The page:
Another challenge relating to the EU specifically is the lack of predictability of the regulatory framework and the focus on hazards rather than risks. This makes it harder to make decisions very early in the product development process about which potential leads to advance first. Currently it takes around ten years from discovery of a crop protection product to commercialization in North America, and in Europe it takes even longer.
Syngenta (Camilla Corsi, head of crop protection research):
Increasing regulatory requirements lengthen timelines and introduce uncertainty.
How will these challenges be overcome?
Dow/DuPont: The lack of predictability of the regulatory framework in the EU can be solved through forming an organization that is committed to accelerate the pace of innovation to create solutions which will deliver abundant, high-quality food now and for the future. This will also require large investments from companies.
Companies need to be patient, have a collaborative spirit and have a good pragmatic process to assess future industry needs and opportunities. Similarly important is for companies to be fully aware that not all projects succeed for various regulatory reasons, so the innovation company must be able to support large financial loss if a project is cancelled mid-way through the journey.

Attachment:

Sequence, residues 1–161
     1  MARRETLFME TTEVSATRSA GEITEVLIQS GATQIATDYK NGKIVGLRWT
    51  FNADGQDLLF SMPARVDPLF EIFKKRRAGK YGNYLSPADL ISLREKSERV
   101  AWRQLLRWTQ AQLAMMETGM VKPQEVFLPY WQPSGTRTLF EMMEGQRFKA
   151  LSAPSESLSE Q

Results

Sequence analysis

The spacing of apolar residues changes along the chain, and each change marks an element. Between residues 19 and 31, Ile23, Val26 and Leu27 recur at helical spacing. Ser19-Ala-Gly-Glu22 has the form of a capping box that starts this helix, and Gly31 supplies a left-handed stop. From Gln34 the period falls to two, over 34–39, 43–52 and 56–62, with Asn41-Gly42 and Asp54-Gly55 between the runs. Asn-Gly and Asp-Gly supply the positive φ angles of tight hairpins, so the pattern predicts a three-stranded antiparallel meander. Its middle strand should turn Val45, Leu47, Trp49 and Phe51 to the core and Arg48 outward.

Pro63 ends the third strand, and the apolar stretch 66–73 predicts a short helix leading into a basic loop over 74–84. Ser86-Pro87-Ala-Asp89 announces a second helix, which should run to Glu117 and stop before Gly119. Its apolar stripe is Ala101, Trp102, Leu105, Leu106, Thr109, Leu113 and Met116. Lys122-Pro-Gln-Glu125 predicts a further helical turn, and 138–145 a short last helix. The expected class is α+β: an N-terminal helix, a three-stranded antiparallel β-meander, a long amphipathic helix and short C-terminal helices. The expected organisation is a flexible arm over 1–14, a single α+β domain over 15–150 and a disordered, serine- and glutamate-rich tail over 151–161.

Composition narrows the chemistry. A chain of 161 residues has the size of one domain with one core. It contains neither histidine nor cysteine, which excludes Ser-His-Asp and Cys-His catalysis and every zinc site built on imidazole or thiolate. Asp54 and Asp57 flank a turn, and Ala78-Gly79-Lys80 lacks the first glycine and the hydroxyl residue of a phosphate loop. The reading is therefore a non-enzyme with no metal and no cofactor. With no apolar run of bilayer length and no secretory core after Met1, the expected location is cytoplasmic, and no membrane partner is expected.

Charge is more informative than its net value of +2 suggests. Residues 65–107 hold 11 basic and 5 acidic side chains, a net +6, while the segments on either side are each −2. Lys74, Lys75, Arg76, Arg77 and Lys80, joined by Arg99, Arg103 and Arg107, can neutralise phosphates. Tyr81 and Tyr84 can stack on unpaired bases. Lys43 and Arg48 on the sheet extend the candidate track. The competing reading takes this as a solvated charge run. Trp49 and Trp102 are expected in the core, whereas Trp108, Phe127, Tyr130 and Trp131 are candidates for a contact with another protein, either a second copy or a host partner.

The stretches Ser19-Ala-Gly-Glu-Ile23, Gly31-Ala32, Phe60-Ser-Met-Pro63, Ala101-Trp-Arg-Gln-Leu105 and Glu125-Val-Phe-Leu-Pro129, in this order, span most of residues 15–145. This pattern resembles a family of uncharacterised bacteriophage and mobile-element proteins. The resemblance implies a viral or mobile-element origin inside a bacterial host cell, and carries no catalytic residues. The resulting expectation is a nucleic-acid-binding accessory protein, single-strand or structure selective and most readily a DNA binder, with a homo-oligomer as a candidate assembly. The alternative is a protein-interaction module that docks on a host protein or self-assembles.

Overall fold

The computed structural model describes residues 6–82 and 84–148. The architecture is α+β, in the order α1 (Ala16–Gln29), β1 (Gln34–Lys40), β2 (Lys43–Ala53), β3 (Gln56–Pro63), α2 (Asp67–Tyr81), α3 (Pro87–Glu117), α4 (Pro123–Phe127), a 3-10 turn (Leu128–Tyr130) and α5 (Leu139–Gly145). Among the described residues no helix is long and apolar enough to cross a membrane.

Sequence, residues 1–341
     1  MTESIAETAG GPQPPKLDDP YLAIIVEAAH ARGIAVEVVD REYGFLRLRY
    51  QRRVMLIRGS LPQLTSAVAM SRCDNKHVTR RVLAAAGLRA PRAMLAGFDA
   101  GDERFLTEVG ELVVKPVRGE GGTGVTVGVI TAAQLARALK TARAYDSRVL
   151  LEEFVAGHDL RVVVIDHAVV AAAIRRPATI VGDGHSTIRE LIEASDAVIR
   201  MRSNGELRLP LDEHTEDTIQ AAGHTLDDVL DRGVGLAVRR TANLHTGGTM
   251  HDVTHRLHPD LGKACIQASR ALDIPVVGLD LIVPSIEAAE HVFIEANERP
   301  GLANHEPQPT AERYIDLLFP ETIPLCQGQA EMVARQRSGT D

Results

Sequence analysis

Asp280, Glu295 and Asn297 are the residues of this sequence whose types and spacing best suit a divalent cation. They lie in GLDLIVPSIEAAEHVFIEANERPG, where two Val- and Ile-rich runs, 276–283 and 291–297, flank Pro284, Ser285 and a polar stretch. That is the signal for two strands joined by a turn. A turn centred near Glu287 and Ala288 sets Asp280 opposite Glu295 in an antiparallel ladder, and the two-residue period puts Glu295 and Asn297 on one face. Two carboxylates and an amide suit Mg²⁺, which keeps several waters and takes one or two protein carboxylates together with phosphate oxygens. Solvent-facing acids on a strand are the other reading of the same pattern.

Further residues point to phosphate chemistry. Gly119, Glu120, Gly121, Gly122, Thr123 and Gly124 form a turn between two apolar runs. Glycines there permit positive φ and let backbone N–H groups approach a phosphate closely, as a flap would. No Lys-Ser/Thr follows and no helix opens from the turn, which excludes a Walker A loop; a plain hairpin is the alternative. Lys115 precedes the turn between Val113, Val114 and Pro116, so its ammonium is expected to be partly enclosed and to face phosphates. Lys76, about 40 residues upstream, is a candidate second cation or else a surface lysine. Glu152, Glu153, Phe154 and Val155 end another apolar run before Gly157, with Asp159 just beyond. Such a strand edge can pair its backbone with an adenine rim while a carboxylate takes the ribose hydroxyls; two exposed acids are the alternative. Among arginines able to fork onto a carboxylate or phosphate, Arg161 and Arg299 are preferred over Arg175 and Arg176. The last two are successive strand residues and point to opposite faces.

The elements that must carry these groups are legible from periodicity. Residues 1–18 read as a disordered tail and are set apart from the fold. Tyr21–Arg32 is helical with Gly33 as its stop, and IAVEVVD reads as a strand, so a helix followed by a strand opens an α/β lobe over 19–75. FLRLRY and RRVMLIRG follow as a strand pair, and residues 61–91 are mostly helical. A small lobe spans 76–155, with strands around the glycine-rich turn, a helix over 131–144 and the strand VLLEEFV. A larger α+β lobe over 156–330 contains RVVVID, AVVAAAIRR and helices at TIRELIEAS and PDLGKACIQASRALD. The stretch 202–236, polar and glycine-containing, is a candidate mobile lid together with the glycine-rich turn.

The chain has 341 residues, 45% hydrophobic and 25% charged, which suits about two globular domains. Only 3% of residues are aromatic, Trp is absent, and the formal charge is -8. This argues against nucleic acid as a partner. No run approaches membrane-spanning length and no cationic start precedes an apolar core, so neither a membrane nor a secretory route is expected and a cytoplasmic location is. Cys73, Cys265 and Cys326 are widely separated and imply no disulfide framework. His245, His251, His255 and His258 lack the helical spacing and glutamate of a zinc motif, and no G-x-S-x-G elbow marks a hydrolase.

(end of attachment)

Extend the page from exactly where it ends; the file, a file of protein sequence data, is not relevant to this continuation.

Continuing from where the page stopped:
To find novel technologies that meet the needs of the entire system requires companies to have a unique capability for introspection. Having the foresight to envision future needs is a significant challenge– and risky if that foresight is not accurate. Finding new modes of action is very challenging and requires great science and great scientists to discover those products that will provide novel efficacy while meeting evolving regulatory demands – but it remains the Holy Grail.
Bayer: To identify a new mode of action for the control of pests and diseases, but especially to combat weed infestations, we must innovate, powered by our people and their diverse skillsets. Our employees in R&D have a very broad variety of scientific, technical and managerial backgrounds and we support them in building on their talents, but also in exchanging and acquiring new knowledge. We follow a broad variety of approaches to find molecules of a new mode of action.
We work on that ourselves and spend billions a year, but we have also set up partnerships with external parties who support us by investing own resources into our R&D activities (e.g., GRDC in weed control research, CRDF for the search for solutions against Citrus Greening).
To bring more regulatory certainty we can only continue to insist that science, not politics, is driving the decision-making process. Most members of the public understand that farmers need crop protection products to prevent pests from destroying their crop. But they are suspicious of big business – a sentiment that is certainly not exclusive to the plant science industry. The answer is to be open and transparent with the public. Currently the industry ensures detailed studies and full data are submitted to regulatory bodies for all crop protection products. All toxicologically-relevant data is also available to the public. Our industry remains fully committed to transparency and continues to look into new methods to improve access to regulatory data.